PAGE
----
public DMX() {
	dmxOutput = new DmxP512(this, universeSize, false);
	dmxOutput.setupDmxPro(DMXPRO_PORT, DMXPRO_BAUDRATE);
}

The last method missing is the method that sets the values on the given channel. It should be called whenever a light or an effect has to be changed.

public void setvalue(int channel, int value) {
	dmxOutput.set(channel, value);
}

It takes a channel and a value as input. The channel is basically like a postal address and is unique within the given DMX-Universe (maximum of 512). The value is an integer ranging from 0 to 255. It defines how bright for example a lamp shines. The method setValue() calls the method set() from the dmxOutput and passes the parameters directly to it.

Now we need to call the method. We can do it anywhere we want but we decided to call it in the main method within the main class. In our case, we set the channel 0 to full brightness

With all of this setup, we can test it. All we need to do is attach an interface to the computer and a lamp to the interface and run our program. Channel 0 should be receiving the signal to shine fully bright.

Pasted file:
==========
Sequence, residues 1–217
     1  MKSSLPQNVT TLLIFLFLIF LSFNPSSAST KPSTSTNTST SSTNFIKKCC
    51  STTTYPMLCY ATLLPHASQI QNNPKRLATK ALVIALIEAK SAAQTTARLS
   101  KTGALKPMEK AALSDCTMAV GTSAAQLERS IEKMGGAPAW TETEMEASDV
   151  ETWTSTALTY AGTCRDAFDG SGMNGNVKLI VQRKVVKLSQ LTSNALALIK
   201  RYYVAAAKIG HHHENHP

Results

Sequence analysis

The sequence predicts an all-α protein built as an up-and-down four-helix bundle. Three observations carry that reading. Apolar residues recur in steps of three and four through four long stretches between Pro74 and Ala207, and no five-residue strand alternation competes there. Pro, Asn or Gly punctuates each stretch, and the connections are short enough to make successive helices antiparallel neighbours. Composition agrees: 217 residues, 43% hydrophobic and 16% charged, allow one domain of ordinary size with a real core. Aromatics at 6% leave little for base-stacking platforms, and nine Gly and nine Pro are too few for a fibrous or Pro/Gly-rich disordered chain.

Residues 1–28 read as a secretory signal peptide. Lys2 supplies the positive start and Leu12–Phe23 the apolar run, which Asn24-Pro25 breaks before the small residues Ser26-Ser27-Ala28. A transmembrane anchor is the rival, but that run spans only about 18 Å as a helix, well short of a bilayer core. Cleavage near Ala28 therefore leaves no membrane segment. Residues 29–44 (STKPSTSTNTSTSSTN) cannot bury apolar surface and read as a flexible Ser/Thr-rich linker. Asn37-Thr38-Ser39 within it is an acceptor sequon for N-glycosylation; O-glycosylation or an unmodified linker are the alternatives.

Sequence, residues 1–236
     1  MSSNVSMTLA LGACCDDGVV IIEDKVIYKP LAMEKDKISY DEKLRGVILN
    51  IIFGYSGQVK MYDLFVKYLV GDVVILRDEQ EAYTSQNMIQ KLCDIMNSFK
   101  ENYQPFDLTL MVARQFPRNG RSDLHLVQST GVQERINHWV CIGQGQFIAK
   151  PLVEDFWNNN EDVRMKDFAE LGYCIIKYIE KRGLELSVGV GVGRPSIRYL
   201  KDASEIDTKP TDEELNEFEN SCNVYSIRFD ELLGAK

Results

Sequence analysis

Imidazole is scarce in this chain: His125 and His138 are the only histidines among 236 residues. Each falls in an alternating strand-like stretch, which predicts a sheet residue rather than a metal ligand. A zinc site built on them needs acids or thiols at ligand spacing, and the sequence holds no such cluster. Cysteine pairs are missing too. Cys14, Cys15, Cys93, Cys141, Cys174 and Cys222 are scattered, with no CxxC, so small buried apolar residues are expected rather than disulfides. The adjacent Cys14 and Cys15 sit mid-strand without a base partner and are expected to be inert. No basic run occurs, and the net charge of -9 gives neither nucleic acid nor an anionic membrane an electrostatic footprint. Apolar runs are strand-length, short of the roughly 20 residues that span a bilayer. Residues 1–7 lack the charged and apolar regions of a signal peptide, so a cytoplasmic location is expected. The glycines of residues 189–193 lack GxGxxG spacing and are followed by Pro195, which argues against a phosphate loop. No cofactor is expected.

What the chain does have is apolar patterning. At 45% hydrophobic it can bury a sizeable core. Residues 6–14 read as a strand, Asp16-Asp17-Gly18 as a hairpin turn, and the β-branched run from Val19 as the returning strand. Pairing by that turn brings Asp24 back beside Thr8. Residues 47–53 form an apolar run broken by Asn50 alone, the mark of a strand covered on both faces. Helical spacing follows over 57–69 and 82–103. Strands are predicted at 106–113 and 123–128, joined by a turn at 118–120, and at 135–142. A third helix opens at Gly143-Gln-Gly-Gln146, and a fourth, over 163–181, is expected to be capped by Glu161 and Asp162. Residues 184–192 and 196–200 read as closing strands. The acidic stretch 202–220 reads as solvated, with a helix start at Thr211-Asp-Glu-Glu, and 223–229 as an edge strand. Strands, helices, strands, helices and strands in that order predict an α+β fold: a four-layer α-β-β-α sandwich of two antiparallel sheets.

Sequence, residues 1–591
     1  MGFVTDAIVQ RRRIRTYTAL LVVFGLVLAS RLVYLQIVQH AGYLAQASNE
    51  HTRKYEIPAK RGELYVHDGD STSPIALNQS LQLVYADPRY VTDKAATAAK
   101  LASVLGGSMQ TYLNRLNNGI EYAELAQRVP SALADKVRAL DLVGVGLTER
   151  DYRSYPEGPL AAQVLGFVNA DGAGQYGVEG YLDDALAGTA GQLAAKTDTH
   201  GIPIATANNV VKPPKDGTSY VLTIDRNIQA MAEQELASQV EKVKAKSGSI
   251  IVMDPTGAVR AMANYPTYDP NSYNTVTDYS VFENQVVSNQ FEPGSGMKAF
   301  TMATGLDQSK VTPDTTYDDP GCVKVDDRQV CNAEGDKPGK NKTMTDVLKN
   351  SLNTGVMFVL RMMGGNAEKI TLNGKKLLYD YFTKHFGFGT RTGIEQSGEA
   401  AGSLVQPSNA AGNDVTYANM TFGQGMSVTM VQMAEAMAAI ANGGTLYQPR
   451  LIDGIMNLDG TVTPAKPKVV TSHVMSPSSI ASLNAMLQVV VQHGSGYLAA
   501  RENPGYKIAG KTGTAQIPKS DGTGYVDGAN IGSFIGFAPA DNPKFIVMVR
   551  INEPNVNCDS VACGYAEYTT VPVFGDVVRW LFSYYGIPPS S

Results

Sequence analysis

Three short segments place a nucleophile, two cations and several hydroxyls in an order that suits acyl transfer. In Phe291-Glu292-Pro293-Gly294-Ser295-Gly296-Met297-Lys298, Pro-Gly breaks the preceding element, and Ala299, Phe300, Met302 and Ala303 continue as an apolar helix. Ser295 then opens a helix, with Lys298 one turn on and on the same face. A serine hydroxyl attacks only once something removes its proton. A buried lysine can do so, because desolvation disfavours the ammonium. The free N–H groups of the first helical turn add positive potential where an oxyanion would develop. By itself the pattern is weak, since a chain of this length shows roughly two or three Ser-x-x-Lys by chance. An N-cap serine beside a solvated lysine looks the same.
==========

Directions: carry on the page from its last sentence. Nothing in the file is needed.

Troubleshooting

There are many reasons why the setup doesn’t work. First of all, verify that the lamp actually works. In most cases, the lamp provides a “manual” mode where you can specify via buttons on the lamp itself to shine. The assure yourself that all drivers of the interface are installed and all cables are attached correctly. Maybe choose a different cable or a different USB input. You can also verify that the setup works by using a program like DMXControl so you know if its the connection between computer and interface or not. And then there is always the possibility to change the defined PORT within the code.

Lookouts

Using the general concept of this program you can create many different kinds of programs for controlling a DMX-Signal. For example, you can use it to control a light show, automate your home DMX setup or control DMX-lights by analyzing music and automatically set the light color. There are many options open and many ways to improve and extend this little snippet. If you have more ideas write them down in the comments.

If you have any questions, just ask in the comments, on Instagram or Twitter or simply send us an email.